Poor Jim is just your average New England dude who wants to enjoy life like Strether and Chad. Think that charmer from the office, but instead of getting his very own Pam he has the misfortune of being married to Sarah Pocock, who like her mother has learned very effectively how to make men do what she wants. She's basically the anti-Pam.
This means that Jim is on cloud nine anytime he's able to get away from Sarah, yet he's also scared enough of her to know that he can't openly disobey her. That's why he's so pumped when they arrive in Paris and Sarah wants some alone time with Chad, as the narrator notes, "He gurgled his joy as they rolled through the happy streets; he declared that his trip was a regular windfall, and that he wasn't there, he was eager to remark, to hang back from anything" (8.2.12). Gurgled?? That must be one heck of a bad marriage.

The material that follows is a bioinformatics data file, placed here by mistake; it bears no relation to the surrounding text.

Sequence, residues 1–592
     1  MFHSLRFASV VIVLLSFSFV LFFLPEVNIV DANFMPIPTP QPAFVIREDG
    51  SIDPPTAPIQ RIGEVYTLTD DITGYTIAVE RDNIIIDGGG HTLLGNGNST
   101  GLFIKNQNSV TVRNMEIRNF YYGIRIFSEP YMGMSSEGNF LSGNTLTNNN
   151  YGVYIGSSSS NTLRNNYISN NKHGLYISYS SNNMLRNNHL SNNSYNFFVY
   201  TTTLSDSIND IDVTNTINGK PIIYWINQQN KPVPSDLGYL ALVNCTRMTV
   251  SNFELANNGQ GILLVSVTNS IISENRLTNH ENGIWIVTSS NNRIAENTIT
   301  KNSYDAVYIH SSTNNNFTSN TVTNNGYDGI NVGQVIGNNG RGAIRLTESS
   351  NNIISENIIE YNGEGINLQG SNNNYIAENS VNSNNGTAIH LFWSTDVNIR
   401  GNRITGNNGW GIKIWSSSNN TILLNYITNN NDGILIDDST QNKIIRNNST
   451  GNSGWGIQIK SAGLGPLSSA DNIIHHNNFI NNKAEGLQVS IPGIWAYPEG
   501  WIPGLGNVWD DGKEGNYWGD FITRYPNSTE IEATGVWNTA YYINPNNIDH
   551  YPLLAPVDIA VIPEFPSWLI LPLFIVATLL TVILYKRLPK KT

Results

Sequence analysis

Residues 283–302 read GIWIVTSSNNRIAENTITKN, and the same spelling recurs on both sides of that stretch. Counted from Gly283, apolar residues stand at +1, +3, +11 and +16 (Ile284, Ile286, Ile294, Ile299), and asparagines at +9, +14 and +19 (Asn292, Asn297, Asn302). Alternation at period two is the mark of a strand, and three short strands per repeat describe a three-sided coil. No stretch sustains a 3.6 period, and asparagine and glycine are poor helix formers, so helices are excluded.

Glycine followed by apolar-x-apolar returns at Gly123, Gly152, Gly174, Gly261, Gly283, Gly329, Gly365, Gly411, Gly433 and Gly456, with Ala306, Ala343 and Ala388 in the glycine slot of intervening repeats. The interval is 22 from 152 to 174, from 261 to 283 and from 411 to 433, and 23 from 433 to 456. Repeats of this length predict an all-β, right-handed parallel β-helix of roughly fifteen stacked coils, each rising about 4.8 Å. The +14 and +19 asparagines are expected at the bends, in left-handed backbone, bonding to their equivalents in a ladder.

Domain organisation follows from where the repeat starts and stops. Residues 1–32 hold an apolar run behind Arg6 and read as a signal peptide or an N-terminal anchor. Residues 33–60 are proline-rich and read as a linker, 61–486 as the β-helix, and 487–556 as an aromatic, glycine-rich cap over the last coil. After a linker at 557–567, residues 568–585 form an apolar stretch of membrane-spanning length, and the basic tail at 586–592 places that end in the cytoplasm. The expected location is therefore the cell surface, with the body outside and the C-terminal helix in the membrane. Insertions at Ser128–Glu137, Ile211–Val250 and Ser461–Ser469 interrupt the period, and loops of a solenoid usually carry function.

The trip to Paris gives Jim the same chance that Strether has had to experience a little bit of independence before he gets dragged back to his boring, emasculated life in Woollett, Massachusetts. And when it comes to identifyfing what's wrong with Jim's life, Strether puts his finger on it: "What none the less came hom to him, however, at this hour, was that the society over there, that of which Sarah and Mamie—and, in a more eminent way, Mrs. Newsome herself—were specimens, was essentially a society of women, and that poor Jim wasn't in it" (8.2.12).
Yes, Strether could just as easily be talking about his own life here. But the difference is that Jim is resigned to his boring life in a calm, cheerful way that Strether just can't stomach.